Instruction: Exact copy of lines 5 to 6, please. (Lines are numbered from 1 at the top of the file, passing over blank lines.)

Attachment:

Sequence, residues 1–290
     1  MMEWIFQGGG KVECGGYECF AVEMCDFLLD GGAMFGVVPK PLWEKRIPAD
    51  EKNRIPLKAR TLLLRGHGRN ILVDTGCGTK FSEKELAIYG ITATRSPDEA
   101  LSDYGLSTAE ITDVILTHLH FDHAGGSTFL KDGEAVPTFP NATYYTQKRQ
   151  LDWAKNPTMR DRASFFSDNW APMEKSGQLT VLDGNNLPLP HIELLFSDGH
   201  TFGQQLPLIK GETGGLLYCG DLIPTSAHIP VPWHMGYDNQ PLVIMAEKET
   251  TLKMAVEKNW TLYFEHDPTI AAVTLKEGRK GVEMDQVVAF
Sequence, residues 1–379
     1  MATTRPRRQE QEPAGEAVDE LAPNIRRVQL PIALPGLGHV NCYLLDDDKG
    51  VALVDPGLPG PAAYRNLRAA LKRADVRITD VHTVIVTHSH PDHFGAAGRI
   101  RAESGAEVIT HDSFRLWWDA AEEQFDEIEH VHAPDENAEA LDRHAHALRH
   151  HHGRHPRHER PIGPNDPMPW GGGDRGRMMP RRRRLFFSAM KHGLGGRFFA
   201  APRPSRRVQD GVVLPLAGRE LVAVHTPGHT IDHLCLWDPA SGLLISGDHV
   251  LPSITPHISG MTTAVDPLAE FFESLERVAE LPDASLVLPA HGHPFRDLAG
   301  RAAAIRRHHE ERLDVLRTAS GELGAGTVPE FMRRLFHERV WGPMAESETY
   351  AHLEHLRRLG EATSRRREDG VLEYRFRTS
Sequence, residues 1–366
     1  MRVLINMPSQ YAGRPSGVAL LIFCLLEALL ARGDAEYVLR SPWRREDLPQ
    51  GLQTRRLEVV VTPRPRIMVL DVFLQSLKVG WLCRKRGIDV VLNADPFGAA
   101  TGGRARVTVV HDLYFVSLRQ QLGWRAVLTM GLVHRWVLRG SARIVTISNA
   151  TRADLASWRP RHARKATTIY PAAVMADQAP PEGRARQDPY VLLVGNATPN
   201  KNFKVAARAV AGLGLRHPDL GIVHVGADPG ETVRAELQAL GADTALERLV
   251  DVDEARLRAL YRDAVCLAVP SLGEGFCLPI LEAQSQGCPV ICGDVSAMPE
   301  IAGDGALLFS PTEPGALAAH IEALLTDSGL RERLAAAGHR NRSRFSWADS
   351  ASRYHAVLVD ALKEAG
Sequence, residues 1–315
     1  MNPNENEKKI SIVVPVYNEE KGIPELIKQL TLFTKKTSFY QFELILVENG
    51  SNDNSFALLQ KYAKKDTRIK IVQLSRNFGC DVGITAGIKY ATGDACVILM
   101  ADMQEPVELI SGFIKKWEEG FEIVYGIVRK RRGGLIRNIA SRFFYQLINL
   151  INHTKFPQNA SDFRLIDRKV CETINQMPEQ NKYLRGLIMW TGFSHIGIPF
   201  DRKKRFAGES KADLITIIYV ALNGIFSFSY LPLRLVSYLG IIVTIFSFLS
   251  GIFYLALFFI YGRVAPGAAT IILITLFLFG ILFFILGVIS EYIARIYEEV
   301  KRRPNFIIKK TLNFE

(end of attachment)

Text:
   151  LDWAKNPTMR DRASFFSDNW APMEKSGQLT VLDGNNLPLP HIELLFSDGH
   201  TFGQQLPLIK GETGGLLYCG DLIPTSAHIP VPWHMGYDNQ PLVIMAEKET